More emphasis will need to be placed on developing an entrepreneurship and innovation focused curriculum. Patience is vital for this to work, as we would feel the impact of this in 15 to 20 years when the learners currently at primary school enter the job market. There is a need to also revisit the role of the Universities of Technology and Technical and Vocational Education and Training (TVET) Colleges. More emphasis needs to be placed on trades and maker skills, similar to the Germans do. It is comforting to hear President Cyril Ramaphosa say that software coding will become a compulsory subject at primary schools. We need to introduce maker subjects as well – robotics, fabrication, and other related fields, and dissect the maker opportunities offered by the Fourth Industrial Revolution (4IR), whilst deliberately investing in appropriate human capital for us to capitalise on those opportunities.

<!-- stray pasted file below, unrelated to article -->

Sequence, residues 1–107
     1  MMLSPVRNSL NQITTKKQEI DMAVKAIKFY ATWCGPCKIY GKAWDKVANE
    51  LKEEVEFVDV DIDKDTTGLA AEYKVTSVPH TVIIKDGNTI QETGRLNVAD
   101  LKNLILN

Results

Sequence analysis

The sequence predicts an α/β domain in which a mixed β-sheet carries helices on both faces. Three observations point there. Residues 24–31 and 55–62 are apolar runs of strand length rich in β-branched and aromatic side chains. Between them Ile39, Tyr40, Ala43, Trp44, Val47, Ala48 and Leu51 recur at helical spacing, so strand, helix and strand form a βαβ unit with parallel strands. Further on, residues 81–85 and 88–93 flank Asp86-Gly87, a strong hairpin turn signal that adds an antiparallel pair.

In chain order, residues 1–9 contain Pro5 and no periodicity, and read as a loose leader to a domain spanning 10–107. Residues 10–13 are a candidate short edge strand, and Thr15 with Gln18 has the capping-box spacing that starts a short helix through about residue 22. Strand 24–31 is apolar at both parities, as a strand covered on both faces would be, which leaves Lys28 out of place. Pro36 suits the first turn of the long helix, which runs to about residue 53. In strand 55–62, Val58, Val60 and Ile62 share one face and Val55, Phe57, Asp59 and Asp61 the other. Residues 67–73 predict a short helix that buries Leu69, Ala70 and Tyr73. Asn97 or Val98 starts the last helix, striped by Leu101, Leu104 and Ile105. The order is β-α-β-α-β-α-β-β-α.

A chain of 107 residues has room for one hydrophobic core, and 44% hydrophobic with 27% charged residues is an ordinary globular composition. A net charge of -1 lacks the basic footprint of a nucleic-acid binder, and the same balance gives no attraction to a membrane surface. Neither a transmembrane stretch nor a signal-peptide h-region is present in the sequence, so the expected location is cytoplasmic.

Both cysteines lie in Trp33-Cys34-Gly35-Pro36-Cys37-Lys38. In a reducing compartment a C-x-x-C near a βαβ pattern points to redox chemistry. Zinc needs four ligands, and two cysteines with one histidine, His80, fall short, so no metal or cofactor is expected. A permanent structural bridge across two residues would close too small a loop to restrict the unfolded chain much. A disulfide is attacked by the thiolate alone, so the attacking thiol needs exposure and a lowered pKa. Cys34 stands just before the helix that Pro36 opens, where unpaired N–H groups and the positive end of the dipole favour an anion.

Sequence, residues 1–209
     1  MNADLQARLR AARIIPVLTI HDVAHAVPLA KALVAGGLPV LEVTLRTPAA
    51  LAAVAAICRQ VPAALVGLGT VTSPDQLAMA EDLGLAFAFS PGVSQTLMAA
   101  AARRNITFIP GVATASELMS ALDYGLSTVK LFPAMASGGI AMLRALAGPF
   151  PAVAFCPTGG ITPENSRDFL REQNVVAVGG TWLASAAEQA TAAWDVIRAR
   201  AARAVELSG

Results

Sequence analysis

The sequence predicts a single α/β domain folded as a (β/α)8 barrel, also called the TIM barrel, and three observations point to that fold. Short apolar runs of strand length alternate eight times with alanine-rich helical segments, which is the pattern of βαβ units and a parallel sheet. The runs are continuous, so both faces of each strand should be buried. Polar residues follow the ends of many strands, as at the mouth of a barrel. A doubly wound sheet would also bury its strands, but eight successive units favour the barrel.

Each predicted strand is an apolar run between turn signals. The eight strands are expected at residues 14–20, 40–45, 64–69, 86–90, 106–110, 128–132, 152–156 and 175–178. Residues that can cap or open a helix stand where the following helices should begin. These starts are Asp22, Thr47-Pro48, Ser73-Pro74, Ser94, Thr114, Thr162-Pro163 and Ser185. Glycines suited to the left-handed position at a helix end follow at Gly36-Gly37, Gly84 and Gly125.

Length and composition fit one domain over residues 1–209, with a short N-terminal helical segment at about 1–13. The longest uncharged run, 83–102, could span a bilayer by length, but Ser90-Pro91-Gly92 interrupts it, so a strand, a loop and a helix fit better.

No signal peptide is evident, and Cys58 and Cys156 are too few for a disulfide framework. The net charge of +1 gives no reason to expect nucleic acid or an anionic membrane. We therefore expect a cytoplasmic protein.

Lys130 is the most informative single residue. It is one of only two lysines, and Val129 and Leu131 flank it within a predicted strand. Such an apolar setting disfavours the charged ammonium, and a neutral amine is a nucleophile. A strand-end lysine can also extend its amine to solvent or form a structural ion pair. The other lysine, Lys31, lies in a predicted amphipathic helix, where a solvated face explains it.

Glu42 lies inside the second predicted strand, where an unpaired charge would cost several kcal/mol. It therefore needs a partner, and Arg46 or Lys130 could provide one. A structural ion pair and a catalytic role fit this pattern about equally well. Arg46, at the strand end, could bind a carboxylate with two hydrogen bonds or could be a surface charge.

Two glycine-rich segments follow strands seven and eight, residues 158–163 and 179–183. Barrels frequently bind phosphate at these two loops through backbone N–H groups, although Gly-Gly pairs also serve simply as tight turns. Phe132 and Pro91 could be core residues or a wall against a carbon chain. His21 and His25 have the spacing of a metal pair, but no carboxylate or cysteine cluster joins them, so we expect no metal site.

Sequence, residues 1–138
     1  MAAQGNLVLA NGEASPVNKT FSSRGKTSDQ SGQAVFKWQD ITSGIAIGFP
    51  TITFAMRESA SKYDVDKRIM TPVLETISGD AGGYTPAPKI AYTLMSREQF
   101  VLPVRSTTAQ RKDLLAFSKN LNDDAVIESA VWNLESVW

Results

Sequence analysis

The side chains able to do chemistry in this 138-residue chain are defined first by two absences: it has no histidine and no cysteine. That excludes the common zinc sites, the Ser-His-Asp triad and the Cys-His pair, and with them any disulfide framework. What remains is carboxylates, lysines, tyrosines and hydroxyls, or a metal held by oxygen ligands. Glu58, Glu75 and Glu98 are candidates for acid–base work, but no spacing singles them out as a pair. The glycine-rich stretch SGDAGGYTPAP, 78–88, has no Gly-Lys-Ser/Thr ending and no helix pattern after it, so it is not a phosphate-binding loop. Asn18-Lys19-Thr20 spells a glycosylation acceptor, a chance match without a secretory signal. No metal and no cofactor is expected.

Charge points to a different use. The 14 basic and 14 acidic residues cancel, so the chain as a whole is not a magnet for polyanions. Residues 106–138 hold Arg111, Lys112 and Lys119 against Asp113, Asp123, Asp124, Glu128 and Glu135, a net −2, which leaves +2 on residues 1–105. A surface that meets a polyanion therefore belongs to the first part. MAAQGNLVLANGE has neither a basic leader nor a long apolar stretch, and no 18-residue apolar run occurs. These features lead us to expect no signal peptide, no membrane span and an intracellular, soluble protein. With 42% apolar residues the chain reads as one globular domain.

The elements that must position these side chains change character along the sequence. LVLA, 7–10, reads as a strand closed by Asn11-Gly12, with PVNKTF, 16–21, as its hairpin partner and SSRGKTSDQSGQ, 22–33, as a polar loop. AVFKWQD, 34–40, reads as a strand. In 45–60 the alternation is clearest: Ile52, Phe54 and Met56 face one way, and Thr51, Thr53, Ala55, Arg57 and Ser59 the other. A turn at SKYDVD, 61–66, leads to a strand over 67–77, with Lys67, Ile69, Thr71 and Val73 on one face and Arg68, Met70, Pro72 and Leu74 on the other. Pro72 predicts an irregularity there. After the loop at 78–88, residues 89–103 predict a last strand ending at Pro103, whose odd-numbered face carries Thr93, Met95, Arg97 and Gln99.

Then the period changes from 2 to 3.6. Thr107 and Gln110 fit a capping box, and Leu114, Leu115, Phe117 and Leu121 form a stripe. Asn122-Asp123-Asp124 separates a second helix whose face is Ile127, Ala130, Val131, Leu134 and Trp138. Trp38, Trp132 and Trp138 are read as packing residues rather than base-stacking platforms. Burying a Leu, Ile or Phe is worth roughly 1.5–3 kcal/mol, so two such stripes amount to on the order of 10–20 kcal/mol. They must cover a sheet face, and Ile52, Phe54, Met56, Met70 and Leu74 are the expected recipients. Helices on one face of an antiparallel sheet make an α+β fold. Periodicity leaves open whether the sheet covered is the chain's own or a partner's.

The Market Opportunity
The Agreement establishing the African Continental Free Trade Area (AfCTA) offers numerous opportunities for locally manufactured goods, as it seeks to promote intra-Africa trade. We need to understand the import patterns of various African countries to identify manufacturing and export opportunities. At the same time, we need to ensure that locally manufactured goods are more affordable than and just as attractive as those originating from outside the continent are. Biopharmaceutical sector as well as agroprocessing sectors are just but two sectors that I believe South Africa could be a major player. There are immense opportunities to also export South African intellectual property and technology to other African countries, as part of Africa expansion and localisation strategies, with proceeds coming back to support growth of the businesses here at home.
Boosting manufacturing and securing future economic growth and competitiveness, has to be deliberate. We must build a maker culture. Africa beckons and the question is whether South Africa will live up to its presumed status as an economic giant in the continent. Innovation and not aid, is the answer to Africa’s development.